Monday, May 27, 2013

If You Are A Cragun You Might Be A Whitaker

             OK OK, not all Craguns are Whitakers. Only 1 of Patrick Cragun's 11 chidlren married into the Whitaker line. Elisha Cragun 1784-1847 married Mary Osborne, whose mother was a Whitaker. The Whitakers have an interesting history.

             FamilySearch Family Tree is one pedigree for all mankind. A collaborative effort is needed to bring together the correct and documented facts about our ancestors. We build it together. Family Tree currently shows we descendants of Mary Osborne Cragun are also descendants of Alice Beconsawe Lisle. Alice was beheaded at the will of King James the 2nd.
              The documentation of our relationship to Lady Alice is not established in Family Tree. The lineage shows there, and some of the pedigree is verified. If you are a Cragun and want to collaborate on an interesting heritage, join in on the research. In the discussion section and in the sources section of our ancestors I am posting research information. My email is also public there. Anyone can be invited to join FamilySearch Family Tree, and it is free to all.

Lady Lisle

Lady Lisle Headstone
                                         (From The Trial of Alice Lisle by Virginia Salima Moorhead.)
            Few acts did more to turn the public against King James II than the Bloody Assizes of 1685, and no trial in the Bloody Assizes outraged the public as much as the trial of Alice Lisle. Bloody Assizes began with the trial of Alice Lisle for treason.  According to C. G. L. Du Cann, Lisle’s trial created “more opprobrium for the Stuart rule” than any other treason trial.  Jeffreys cruelty toward the respected elderly Mrs. Lisle for what many conceived as an act of kindness on her part in taking in fugitives shocked and outraged those who witnessed the proceedings and those who heard about them afterward.  During the trial, Jeffreys stepped into the place of the prosecution, bullied the only witness who had positive testimony for Mrs. Lisle, and failed to repeat Mrs. Lisle’s defense to the jury in his closing remarks.  Mrs. Lisle, denied the assistance of counsel in the courtroom, had to make her own defense before the terrifying judge.  The resulting deaths of this and the trials that followed during the Bloody Assizes horrified the West Country, and they turned upon the king who would send such a bloodthirsty man to judge them so cruelly.
Alice Lisle’s background made her a suspicious figure for those loyal to the monarchy.  Although from a respectable family, her father Sir White Beckenshaw had connections with noble families, she married John Lisle, a supporter of Cromwell.  He sat as one of the judges in the trial that resulted in the execution of Charles I, making him one of the regicides.  For his services, Cromwell made Lisle a member of his House of Lords, which is why Alice Lisle is often referred to as Lady Alice Lisle, a title not recognized by royalists.  When Cromwell’s government fell, Lisle fled to Switzerland, where he was killed by a couple of Irish Catholics in revenge for the death of Charles I. After the death of her husband, Alice Lisle and her daughters moved into her family’s home, Moyles Court.  At home, she established a sound reputation through her charitable acts.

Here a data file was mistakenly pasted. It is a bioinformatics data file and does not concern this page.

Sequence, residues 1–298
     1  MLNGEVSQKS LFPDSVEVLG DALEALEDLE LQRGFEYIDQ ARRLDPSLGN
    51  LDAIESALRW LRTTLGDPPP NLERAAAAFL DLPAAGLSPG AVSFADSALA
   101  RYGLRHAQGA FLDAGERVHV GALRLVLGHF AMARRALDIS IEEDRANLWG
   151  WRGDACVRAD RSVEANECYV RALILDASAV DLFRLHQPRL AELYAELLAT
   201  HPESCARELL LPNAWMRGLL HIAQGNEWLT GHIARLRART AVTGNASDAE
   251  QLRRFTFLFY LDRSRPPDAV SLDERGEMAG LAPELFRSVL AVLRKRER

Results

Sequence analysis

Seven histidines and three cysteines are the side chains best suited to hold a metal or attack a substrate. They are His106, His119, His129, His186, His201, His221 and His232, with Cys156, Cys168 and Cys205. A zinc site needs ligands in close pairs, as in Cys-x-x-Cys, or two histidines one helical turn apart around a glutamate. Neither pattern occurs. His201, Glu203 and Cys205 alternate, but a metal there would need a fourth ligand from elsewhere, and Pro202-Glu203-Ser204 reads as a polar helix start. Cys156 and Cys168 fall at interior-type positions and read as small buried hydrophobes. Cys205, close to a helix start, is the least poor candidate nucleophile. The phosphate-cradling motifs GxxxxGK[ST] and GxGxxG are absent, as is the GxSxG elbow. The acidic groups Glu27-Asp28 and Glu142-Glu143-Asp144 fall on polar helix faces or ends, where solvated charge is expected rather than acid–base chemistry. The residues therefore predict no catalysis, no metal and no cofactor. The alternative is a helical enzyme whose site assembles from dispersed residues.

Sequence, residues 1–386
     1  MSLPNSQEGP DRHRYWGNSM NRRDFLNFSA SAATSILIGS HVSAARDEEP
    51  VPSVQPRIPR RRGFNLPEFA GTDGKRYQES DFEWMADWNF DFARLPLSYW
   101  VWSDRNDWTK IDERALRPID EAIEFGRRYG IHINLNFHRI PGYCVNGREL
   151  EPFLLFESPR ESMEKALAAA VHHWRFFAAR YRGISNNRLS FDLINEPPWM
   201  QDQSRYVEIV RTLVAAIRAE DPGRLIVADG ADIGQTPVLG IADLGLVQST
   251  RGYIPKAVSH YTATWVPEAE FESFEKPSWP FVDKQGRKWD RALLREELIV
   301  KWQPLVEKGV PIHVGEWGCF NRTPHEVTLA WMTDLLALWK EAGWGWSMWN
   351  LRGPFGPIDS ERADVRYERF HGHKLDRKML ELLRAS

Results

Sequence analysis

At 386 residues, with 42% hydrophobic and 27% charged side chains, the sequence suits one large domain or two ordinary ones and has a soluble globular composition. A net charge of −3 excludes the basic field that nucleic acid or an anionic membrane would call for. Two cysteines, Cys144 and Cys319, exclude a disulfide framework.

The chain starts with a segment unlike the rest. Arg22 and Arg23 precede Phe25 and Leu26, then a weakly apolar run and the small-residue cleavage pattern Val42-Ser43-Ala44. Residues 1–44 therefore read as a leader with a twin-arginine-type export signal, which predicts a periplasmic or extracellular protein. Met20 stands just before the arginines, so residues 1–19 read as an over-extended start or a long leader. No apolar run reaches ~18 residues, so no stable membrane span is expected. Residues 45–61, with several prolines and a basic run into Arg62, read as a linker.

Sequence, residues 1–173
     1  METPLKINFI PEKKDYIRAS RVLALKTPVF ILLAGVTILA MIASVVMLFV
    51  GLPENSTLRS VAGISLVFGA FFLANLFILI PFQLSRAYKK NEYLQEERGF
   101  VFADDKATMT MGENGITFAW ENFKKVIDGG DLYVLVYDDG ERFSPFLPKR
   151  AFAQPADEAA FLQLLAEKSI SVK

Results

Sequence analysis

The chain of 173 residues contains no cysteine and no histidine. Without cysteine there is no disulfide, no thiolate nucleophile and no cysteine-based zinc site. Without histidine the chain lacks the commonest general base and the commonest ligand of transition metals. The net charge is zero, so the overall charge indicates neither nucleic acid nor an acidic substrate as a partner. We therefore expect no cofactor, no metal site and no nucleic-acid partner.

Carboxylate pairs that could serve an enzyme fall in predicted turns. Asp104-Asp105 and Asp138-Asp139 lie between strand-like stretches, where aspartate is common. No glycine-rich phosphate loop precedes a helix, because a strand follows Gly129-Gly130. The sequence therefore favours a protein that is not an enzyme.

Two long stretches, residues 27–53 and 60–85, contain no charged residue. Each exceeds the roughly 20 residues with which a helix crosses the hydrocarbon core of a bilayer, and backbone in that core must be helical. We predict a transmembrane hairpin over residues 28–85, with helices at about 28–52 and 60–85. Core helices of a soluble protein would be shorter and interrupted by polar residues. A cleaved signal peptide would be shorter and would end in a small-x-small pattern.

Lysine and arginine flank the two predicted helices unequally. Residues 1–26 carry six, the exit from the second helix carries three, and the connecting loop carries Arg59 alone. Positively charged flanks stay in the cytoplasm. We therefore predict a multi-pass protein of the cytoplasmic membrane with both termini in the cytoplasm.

Her desire to help others led her to provide shelter to two rebel soldiers who had fought for Monmouth at the Battle of Sedgemoor.  Hicks, one of those two rebels, sent Dunne with a message to Mrs. Lisle, requesting shelter for himself and Nelthorpe, the other rebel.  With Mrs. Lisle’s consent, Dunne led Hicks and Nelthorpe to Mrs. Lisle’s house after dark, where all three stayed for the night.  A man named Barter heard about Mrs. Lisle harboring the men and informed Colonel Penruddock of the fact.  In the morning, Colonel Penruddock surrounded Mrs. Lisle’s home.  After Mrs. Lisle’s many denials of the presence of these men, the soldiers searched her home and found Hicks, Nelthorpe and Dunne hiding and arrested them.

The Grandfather of Mary Osborne, William Whitaker Jr.was a highly respected Baptist Minister. He had possession of a now over 400 year old Bible. The Bible was the only possession that was saved when his home burned. I have been given some copies of  photos of that Bible. I invite you all to enjoy the spirit of Family Tree. Two hundred people a day are being added login capacity. The limit is to watch the bandwidth being used, making an effort to not overload the system.
If you are a Cragun you might be a Whtiaker, and if you are a Whitaker you might have an interesting heritage.

William's obituary shows how respected he was.

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